5.0 out of 5 stars Read it for "Something Rich and Strange"
Each of these fourteen stories is a compelling read: once you start, you have to read to the end. They're not all equally captivating, but one -- "Something Rich and... Read more
Published 1 month ago by Jane
3.0 out of 5 stars The writing was great and Rash is a great writer
The writing was great and Rash is a great writer, but for some reason it didn't light things up for me. However, with that said what a craftsman. There is not a word out of place. Read more
Published 1 month ago by Eric Otto
3.0 out of 5 stars Not all gold
Nothing Gold Can Stay starts strongly before trailing away to weaker works that give the impression they were initially sketches for some grander project, recrafted to fill this... Read more
Published 2 months ago by Vern Skags
4.0 out of 5 stars Riffing on Appalachia
These stories are good, but I feel like I've read some of them before in his other books of stories. His novels are much better.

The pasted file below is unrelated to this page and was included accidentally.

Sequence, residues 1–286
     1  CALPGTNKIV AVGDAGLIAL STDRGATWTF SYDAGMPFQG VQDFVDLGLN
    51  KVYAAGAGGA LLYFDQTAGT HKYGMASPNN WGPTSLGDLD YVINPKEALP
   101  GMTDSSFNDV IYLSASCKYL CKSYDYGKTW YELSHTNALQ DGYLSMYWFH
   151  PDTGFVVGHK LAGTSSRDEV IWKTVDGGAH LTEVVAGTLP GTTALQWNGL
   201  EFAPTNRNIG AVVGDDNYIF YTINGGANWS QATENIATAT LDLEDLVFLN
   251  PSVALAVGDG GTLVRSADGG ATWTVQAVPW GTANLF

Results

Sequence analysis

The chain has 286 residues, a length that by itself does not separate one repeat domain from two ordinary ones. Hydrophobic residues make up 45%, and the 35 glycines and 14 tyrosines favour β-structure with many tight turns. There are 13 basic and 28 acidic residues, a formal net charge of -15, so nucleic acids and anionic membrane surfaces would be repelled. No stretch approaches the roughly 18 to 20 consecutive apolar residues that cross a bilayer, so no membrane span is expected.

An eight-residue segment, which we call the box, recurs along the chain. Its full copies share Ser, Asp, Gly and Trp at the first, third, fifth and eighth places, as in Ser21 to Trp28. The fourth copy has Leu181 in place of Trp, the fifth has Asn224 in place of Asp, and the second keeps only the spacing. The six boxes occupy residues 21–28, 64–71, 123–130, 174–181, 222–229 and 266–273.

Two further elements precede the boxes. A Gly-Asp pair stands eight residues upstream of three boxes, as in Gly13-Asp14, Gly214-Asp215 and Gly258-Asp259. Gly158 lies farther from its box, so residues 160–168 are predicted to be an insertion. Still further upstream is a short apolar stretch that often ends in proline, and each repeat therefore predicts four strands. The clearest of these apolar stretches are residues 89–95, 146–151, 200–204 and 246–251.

Published 2 months ago by Mothlove
5.0 out of 5 stars Five Stars
Ron Rash... Brilliant
Published 2 months ago by E. Katzenstein
4.0 out of 5 stars Most of the shorts published in other books
Beware of course all are good. Of course all are superbly written.
But more than 90% of them appear I other Rash collection s, which is unnerving.
Published 3 months ago by Bordeaux Dogue
5.0 out of 5 stars Slap my mama, this is good!
I grew up in the mountains of North and South Carolina. Mr. Rash's works just really hit home (npi) with me. Nothing Gold Can Stay is no exception.
Published 4 months ago by F. BOOTH
4.0 out of 5 stars A book club pick
I enjoy Ron Rashes writing.
Published 4 months ago by Elizabeth
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More About the Author

Ron Rash is the author of the 2009 PEN/Faulkner Finalist and New York Times bestselling novel, Serena, in addition to three other prizewinning novels, One Foot in Eden, Saints at the River, and The World Made Straight; three collections of poems; and four collections of stories, among them Burning Bright, which won the 2010 Frank O'Connor International Short Story Award, and Chrmistry and Other Stories, which was a finalist for the 2007 PEN/Faulkner Award. Twice the recipient of the O.Henry Prize, he teaches at Western Carolina University.